Re: Interesting stuff
Because the official position is basically a contradiction. It states:
1) The Russians definitely interfered in the US election.
2) This interference did not have any impact on the result.
Both sides know that it's important to accept 1), because, well, it's true, and it's a massive attack on the United States' political system which is likely to happen again.However, both sides ALSO have to accept 2), because they don't want to shake public confidence in the democratic process, and there's no mechanism for dealing with it (somehow, the all-powerful, all-knowing pantheon of the Founding Fathers didn't manage to anticipate Twitter or the Internet in 1787, though accepting that the 27-times amended constitution is a perfect document and has always been a perfect document is a vital part of the US's self-image).
This leaves all discussion somewhat absurd, as 1) requires treating this with almost super-human gravitas, while 2) suggests that the problem doesn't actually exist. And yet congress must hold both ideas as true simultaneously. The more information is made public, the harder it is for the public to maintain the cognitive dissonance; it's not hard to accept two mutually-contradictory ideas as both true if you don't know anything about the topics, but if you have a reasonable grasp of the facts then you need a lot of training to keep agreeing with both.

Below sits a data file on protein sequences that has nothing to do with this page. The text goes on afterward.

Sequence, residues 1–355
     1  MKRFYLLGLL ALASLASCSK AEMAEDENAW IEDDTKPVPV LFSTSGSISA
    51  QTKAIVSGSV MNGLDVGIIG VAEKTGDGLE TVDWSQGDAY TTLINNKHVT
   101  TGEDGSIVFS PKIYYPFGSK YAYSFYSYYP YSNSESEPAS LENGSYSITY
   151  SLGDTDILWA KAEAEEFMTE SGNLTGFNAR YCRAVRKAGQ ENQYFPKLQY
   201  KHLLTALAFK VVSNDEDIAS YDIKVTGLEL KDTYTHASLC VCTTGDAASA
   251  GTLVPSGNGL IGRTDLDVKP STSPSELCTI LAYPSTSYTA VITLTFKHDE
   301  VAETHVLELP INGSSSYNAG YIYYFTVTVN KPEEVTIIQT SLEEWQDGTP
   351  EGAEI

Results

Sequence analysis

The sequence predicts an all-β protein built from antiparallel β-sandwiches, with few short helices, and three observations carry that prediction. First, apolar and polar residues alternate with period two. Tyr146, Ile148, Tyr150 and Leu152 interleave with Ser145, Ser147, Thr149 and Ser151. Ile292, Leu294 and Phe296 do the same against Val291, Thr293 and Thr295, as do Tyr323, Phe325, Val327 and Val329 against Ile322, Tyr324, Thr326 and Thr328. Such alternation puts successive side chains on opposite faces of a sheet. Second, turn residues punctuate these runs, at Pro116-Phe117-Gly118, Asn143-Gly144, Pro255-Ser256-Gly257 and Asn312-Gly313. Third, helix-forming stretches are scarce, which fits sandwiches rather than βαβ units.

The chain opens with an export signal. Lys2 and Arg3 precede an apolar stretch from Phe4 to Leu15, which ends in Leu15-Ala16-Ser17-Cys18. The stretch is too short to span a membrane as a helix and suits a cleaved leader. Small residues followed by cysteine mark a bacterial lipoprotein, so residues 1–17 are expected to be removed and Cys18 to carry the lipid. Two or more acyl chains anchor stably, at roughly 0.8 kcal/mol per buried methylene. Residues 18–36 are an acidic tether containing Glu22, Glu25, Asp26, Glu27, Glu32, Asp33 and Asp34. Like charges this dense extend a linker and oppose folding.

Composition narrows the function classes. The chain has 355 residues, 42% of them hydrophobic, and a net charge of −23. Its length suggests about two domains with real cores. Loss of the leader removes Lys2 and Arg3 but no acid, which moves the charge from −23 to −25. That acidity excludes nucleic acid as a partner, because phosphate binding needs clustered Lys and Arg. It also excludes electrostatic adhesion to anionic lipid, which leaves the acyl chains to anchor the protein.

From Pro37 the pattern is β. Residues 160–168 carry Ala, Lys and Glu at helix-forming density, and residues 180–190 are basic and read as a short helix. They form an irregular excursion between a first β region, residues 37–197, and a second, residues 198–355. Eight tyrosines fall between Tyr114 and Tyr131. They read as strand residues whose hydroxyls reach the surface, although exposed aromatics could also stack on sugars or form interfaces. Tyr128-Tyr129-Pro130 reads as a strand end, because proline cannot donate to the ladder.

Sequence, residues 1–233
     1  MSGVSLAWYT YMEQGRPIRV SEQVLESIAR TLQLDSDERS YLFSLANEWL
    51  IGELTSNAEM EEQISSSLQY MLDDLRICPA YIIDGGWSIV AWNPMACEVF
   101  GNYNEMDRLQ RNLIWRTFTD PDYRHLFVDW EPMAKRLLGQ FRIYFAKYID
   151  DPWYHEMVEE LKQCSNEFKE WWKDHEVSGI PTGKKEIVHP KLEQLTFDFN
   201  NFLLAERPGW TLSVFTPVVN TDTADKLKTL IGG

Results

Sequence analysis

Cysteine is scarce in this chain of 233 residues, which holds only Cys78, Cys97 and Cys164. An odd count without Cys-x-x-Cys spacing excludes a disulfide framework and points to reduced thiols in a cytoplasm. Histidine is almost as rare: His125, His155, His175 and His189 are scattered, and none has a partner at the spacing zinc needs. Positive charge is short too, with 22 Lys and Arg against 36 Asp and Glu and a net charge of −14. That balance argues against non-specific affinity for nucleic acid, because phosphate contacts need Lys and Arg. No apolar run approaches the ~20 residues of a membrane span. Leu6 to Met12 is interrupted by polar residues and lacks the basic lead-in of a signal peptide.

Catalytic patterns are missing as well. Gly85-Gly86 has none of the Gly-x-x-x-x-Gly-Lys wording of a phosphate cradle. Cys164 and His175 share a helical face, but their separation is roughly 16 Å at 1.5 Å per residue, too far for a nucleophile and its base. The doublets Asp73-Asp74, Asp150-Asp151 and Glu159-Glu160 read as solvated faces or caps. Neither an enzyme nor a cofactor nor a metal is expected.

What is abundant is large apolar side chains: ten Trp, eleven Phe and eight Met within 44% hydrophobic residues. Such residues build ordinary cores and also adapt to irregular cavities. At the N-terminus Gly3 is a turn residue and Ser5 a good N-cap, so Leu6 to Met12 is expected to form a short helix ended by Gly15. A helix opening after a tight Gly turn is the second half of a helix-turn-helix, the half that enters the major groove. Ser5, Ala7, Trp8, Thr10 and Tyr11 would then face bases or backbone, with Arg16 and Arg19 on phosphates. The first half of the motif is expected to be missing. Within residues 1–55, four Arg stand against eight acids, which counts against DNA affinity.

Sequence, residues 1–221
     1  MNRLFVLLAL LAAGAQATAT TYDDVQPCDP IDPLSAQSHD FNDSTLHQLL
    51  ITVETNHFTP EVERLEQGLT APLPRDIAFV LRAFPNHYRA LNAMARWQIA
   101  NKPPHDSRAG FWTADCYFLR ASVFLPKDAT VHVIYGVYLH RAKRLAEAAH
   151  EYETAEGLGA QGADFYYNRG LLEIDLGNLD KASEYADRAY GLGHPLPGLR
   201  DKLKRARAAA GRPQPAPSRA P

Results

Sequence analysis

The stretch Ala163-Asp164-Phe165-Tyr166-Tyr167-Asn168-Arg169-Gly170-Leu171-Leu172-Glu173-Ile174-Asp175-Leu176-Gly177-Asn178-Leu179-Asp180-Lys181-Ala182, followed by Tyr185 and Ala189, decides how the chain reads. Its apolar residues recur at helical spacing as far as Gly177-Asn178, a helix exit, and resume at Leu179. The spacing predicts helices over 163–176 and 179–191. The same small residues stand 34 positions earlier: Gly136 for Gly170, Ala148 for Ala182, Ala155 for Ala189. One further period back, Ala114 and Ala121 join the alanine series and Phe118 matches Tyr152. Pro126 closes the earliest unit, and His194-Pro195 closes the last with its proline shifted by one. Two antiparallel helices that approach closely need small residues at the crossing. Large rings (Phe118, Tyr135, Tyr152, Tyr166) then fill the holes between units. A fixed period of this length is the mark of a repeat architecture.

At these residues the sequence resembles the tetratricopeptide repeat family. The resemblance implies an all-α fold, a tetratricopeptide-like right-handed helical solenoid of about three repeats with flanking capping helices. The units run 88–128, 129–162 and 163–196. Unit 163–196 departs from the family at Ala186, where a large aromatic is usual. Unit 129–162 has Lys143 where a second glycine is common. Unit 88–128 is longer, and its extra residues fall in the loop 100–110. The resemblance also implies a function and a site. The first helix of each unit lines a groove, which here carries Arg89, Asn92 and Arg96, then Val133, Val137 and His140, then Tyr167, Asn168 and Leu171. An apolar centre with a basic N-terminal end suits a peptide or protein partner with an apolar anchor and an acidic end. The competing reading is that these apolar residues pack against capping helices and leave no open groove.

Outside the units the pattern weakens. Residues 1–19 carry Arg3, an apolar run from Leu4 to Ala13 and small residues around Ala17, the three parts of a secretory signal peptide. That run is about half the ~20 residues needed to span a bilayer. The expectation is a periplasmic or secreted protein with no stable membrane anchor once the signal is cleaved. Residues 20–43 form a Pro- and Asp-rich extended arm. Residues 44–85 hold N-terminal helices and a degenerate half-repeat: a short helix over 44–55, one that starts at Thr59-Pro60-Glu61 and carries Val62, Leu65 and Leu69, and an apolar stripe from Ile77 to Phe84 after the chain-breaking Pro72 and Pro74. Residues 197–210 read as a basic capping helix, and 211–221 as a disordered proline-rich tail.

So, if the US population sees, say, a mass advert was targeted at Wisconsin Democrats telling them they could vote by text, then agreeing that this had no impact in a state Trump carried by 0.7% becomes a lot harder. And if that's the case, then the validity of the election is called into question, and a democracy only works if the losing side agrees that they lost (which is why losing presidential candidates always publicly concede and tell their followers to accept the situation, and why there was outcry when Trump threatened not to do so prior to the election). That's why even Democrats in congress keep stressing that they don't think the result was changed, even though they (and, tbh, even some elected Republicans) now pretty clearly believe that it was.